In Layers of Fear, a “psychedelic horror” game for PC, PlayStation 4 and Xbox One out February 16, you open things and then you close them. The dreary Victorian house you’re asked to explore abounds in doors, drawers, cabinets, armoires, cupboards and trunks, each a potential reservoir of revelation.
Inside those containers lie beautifully rendered relics from a life recalled in confused glimpses. Most of these things, unfortunately, are only elaborate set dressing, visual additives for flavor as well as to make enough hay to ensure there’s a big enough stack to rummage through. Keep at it and you’ll eventually unearth items that let you peep some of the carefully obscured fiction.
You control a master painter as he passes through dilapidated rooms and along shabby corridors in a kind of phantasmagoric fugue. The idea is that you’ve gone insane as you labor to complete your “magnum opus.” That makes Layers of Fear a “figuring out what’s going on” game, meaning you spend most of the four or five hours it takes to get to the credits piecing together who you are and what you want and what that all means for the rest of the story’s characters.
What it won’t do is creep you out, especially if you’re inured to horror clichés like blackouts, melting faces, unintelligible whispering, telltale heartbeats, high-pitched whines, gotcha trapdoors and endless telekinetic shenanigans. It’s a predictable jump-scare party, in other words. You tiptoe down dim corridors or poke around ramshackle rooms, trip an invisible design wire, and the audiovisuals go “Boo!”
Games like Gone Home or The Vanishing of Ethan Carter, by contrast, deploy horror genre grammar as a subtler ambient veneer to bait and eventually switch you over to alt-stories as unexpected as they are unsettling. Layers of Fear harbors no such narrative twists. All its conceits—about insanity and what might drive a person mad and what that person might then do—are right at the surface.
This is a metaphor-free zone.
What’s left is middling backstory excavation, which you get at by dragging a tiny pointer around until you see a hand, signaling you can pull open a cupboard door or slide out a drawer which might harbor a note or other object that triggers an audio vignette. But there’s nothing to help you sort the wheat from the house’s volumes of static chaff. This results in hours of busywork. And it’s fiddly busywork at that, asking that you align the pointer with activation spots millimeters apart before picking through monotonous debris fields.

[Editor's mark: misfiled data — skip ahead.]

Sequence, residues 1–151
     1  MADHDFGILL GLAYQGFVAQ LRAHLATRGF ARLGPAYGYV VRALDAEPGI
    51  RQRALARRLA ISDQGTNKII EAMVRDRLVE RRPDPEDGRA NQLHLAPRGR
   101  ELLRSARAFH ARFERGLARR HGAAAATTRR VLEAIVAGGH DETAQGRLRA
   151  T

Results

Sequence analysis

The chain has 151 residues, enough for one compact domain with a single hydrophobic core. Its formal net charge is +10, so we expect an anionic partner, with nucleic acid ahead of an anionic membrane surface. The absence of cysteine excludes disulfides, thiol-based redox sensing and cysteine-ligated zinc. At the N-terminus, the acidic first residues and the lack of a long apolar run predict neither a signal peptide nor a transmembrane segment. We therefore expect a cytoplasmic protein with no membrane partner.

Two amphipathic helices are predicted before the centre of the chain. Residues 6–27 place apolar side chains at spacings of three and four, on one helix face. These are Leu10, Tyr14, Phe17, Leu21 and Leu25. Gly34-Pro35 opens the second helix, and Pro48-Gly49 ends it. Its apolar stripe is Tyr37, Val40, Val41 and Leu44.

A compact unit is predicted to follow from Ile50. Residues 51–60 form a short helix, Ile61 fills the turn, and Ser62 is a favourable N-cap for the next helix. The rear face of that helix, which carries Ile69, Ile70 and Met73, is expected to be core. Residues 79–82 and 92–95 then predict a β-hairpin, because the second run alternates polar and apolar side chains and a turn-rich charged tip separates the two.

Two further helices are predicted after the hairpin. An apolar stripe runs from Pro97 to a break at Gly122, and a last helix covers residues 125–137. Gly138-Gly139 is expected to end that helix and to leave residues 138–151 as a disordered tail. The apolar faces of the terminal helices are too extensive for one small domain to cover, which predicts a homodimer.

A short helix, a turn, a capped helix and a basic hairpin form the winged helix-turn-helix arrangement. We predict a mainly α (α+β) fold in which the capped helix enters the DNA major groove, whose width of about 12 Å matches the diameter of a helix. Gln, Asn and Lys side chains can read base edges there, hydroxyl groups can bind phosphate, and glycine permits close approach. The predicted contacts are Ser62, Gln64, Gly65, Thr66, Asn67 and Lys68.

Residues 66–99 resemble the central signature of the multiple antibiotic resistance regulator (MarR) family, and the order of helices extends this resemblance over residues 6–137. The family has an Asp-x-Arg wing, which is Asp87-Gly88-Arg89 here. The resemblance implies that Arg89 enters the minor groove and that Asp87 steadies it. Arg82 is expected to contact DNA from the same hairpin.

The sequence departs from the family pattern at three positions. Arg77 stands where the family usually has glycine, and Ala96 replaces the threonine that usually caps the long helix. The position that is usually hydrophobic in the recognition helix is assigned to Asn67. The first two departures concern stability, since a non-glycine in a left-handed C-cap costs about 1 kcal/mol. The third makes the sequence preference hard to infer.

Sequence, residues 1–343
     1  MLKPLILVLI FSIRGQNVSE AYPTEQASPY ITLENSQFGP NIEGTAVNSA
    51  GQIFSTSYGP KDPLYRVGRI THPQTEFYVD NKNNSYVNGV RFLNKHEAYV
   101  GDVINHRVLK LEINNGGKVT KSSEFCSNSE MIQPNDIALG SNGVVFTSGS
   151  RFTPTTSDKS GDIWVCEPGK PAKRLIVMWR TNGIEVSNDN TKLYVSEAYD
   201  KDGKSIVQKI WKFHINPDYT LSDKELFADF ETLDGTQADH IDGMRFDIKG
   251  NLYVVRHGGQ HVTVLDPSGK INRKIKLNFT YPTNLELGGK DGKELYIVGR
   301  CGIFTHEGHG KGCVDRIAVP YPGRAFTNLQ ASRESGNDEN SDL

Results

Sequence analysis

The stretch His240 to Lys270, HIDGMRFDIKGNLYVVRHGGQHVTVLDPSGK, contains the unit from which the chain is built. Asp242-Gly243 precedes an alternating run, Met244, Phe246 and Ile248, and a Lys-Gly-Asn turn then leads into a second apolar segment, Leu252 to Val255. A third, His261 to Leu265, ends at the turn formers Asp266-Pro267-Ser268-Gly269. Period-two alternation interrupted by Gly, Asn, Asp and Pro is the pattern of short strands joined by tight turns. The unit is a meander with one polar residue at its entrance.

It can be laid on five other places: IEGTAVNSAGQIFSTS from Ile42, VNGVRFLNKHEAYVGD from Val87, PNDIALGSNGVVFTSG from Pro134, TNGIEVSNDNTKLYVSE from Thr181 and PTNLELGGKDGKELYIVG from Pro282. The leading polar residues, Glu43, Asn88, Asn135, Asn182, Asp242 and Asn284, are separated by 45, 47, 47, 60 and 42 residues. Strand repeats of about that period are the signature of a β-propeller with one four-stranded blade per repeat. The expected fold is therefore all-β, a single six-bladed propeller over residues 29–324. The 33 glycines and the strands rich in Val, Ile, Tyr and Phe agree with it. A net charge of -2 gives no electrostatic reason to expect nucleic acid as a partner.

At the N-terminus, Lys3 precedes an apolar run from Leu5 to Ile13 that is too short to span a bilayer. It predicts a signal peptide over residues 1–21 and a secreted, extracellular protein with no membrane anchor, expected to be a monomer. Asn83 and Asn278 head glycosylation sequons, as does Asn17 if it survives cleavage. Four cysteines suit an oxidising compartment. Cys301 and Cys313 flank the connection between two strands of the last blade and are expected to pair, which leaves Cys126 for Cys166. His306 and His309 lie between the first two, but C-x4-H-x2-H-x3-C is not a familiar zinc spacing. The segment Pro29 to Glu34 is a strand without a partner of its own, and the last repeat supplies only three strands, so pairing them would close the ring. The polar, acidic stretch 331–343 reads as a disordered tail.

Walking the house is another matter. For most of the experience, the connection points between the rooms aren’t fixed, which has the effect of cleverly unmooring you. Layers of Fear lets you think you’re in a residence that conforms to standard Euclidean geometry, then starts shuffling the spaces you wander through, allowing for artful revisitation (and reimagining) of familiar rooms. It’s like refrigerator poetry, only with hallways and chambers instead of words.
And there’s a related twist that involves a novel reification of the observer effect in physics. Swivel the camera at certain points and the world mutates seamlessly, tricking your sense of place and direction by making the act of looking itself a form of actuation. Was that passage there a moment ago? That window? Did this piano just move slightly? Wasn’t that door locked the last time I checked?
This is where Layers of Fear gets ahead of its shortcomings and starts to feel like a fascinating vehicle for imagistic storytelling. I wondered more than once if it wouldn’t have worked better in virtual reality, in fact. My inability to muster so much as a halfhearted gasp might have gone differently with a pair of wraparound goggles strapped to my head, jacked into a visual framework always threatening to buckle at a glance.
And what an elegantly demented framework. If there’s reason to give the game a try, it’s the art team’s stunning moment to moment visual accomplishments, to watch the rain drizzle down deco sidelights or the light fall strangely on Boschian paintings and other tableaus of misery. It’s a feat of atmospheric design on par with Alien Isolation or Soma. And while it doesn’t salvage the story or excuse the cheap scare tactics, what’s more intriguing is the design team’s way of looking, and what that might inspire down the road.
3 out of 5
Reviewed on PlayStation 4
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